I have been asked by several readers if the HBO series “True Detective“ has accurately portrayed Voodoo (Voudon) and Devil Worship in Louisiana. After much thought, I have decided to weigh-in on the subject…….so to speak.
I grew up and spent the better part of 22 years in southern and northern Louisiana. One thing I can unequivocally say is the northern and southern parts have only one thing in common; both are in Louisiana. Almost polar opposites (in my opinion) are these two very different cultures and societies. During my years in New Orleans, I became quite accustomed to and familiar with the practices of Hoodoo, Santería and Voudon. My earliest influences of magic were from Hoodoo and Voodoo practitioners. I learned so much from those who were eager and willing to share. Most of my knowledge of these practices came predominately from African-American women. The practice of Hoodoo and Voodoo are closely related to the study of Satanic Magic and Demonic Rituals; several similarities and common denominators.
“Is there any monster in this world worse than man? This is hard to talk about and harder to believe, but some of the suspects have told us their intention in all of this was devil worshipping. We are in disbelief about all of this. Never in a million, million years would we have guessed that he was capable of these things.” Reference
I suppose you are reading this blog post and really wanting to hear the “nitty-gritty” of what True Detective is portraying; ritualistic child sacrifice. The fact that True Detective takes many of its elements from actual events and records adds greatly to its realism and I believe, to its overall impact. Yes, children have been hurt and in some cases, killed during rituals and ceremonies in Louisiana.
“In 2012, Louisiana State Police Detectives Rust Cohle and Martin Hart are brought in to revisit a homicide case they worked in 1995. As the inquiry unfolds in present day through separate interrogations, the two former detectives narrate the story of their investigation, reopening unhealed wounds, and drawing into question their supposed solving of a bizarre ritualistic murder in 1995. The timelines braid and converge in 2012 as each man is pulled back into a world they believed they’d left behind. In learning about each other and their killer, it becomes clear that darkness lives on both sides of the law.” Reference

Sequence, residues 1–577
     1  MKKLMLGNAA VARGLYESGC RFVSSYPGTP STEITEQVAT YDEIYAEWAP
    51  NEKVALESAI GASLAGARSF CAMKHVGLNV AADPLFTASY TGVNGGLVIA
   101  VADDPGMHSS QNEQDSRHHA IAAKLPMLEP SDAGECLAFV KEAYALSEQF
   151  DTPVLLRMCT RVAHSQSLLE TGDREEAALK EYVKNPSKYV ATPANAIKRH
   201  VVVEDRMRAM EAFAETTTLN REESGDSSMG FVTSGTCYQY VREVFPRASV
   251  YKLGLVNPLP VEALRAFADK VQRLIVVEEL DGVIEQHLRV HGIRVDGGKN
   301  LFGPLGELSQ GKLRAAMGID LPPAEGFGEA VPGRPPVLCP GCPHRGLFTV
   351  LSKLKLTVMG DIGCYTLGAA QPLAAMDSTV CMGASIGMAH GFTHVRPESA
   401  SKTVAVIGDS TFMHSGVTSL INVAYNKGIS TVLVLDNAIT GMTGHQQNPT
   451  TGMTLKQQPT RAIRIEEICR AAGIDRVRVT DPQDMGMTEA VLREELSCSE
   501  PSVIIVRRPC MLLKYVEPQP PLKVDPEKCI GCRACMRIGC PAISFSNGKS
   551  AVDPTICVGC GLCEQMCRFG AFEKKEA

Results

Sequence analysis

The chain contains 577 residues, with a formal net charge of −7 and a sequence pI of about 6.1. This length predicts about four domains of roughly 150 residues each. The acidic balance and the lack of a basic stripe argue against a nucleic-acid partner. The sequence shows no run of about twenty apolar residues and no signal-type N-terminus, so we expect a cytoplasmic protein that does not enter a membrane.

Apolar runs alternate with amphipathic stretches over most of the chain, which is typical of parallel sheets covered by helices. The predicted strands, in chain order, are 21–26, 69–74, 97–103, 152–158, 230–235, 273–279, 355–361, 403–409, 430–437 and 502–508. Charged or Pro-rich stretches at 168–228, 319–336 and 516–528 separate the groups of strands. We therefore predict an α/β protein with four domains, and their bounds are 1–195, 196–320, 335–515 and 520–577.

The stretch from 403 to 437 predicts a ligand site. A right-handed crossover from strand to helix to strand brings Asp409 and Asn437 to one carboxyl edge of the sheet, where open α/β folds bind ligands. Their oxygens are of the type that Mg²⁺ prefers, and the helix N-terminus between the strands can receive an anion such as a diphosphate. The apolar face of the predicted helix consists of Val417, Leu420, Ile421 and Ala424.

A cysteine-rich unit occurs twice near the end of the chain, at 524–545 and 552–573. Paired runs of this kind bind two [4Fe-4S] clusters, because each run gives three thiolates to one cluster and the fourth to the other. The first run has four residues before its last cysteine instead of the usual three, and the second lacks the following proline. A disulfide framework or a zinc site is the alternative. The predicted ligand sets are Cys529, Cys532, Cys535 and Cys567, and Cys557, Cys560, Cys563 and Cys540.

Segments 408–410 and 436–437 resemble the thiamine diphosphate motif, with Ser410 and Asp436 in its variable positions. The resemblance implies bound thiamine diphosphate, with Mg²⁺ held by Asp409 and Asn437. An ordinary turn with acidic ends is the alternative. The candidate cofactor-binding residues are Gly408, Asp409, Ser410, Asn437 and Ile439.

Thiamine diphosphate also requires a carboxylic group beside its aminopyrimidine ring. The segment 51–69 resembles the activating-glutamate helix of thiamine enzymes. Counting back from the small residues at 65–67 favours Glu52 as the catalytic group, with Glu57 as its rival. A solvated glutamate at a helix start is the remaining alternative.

I was instinctively drawn to the first episode because it was filmed in Louisiana. After the first episode, I was hooked. While watching each episode, I could almost smell the stench of stagnant back-water bayous, feel the humidity and sweat running down my face, smell the cafe’ au lait at Café du Monde and taste the Crawfish Étouffée in New Orleans (pronounced Nawlins). The story is set in rural Louisiana nonetheless, there are countless Familiars for me. I love Louisiana and always look back in time with fondness however, it was not the best of times……Heroin almost killed me! As I said before, Louisiana has had actually cases of child molestation, children used in rituals and child sacrifice. For me, it is not a huge stretch of the imagination to accept True Detectives as factual; perhaps even a documentary on ritual sacrifice or the wide-spread, systematic exploitation of those who are at a disadvantage.
I knew people who practiced certain “Rituals” in the swamps west of New Orleans. For me, they were ‘hardcore’ and over the line so I did not pursue a relationship beyond the occasional beer in the Quarter (French Quarter). While I do not know of any specific criminal activities, it would not be difficult to imagine these people being involved in something like Rust and Marty experienced in True Detective. There were always rumors of “expirations” surrounding those who operated in the shadows of Louisiana societal fringe. Those who have experienced life on “the street” know the best way to avoid becoming alligator bait is to keep the lips pressed tightly together. More than one person paid the ultimate price for asking too many questions or ignoring subtle, yet well-articulated advice to “shut -the-fvck-up”.
The sacrifice of a child and rendering of innocent blood holds special magical attributes for some. To take the life of another would not be difficult for some individuals. Whether you label it Satanism, Paganism, Hoodoo, Voodoo or Politics, all have their share of sociopaths and psychopaths. They believe the use and incorporation of blood, regardless of its source, will make the coven’s magic stronger. In Louisiana, the predominance of Voodoo lends itself to being more of what True Detective is all about. References to Voudon, Marsh Cult (a.k.a. Marsh Mafia), Carcosa, Société Voudon Gnostique and Circir de mardis gras point to groups, circles, cults, covens etc. that may embrace maladaptive behaviors and incorporate them into ritualistic practices. From an aspect of Hoodoo, I would venture to say the possibilities of child sacrifice are less common simply by virtue of the ritual or magical operation.
The commission of illegal acts during rituals is nothing new. The practice has happening since the beginning of recorded history and perhaps will continue well beyond the time you and I tread upon this dirt ball. One fact remains; children are abused and murdered every day around the world. It does not require a coven nor shouting Hail Satan. Our society as a whole does better than any coven could dream of doing!! For that reason, I believe True Detective could in fact, happen. The sun will set on the Bayou and tomorrow, the sun will rise. Whatever happens in between is…….better left unsaid.
I must admit, I greatly enjoyed the series and was a bit sad after the finale. If you have not watched this series, it is On Demand and is definitely worth the investment of your time.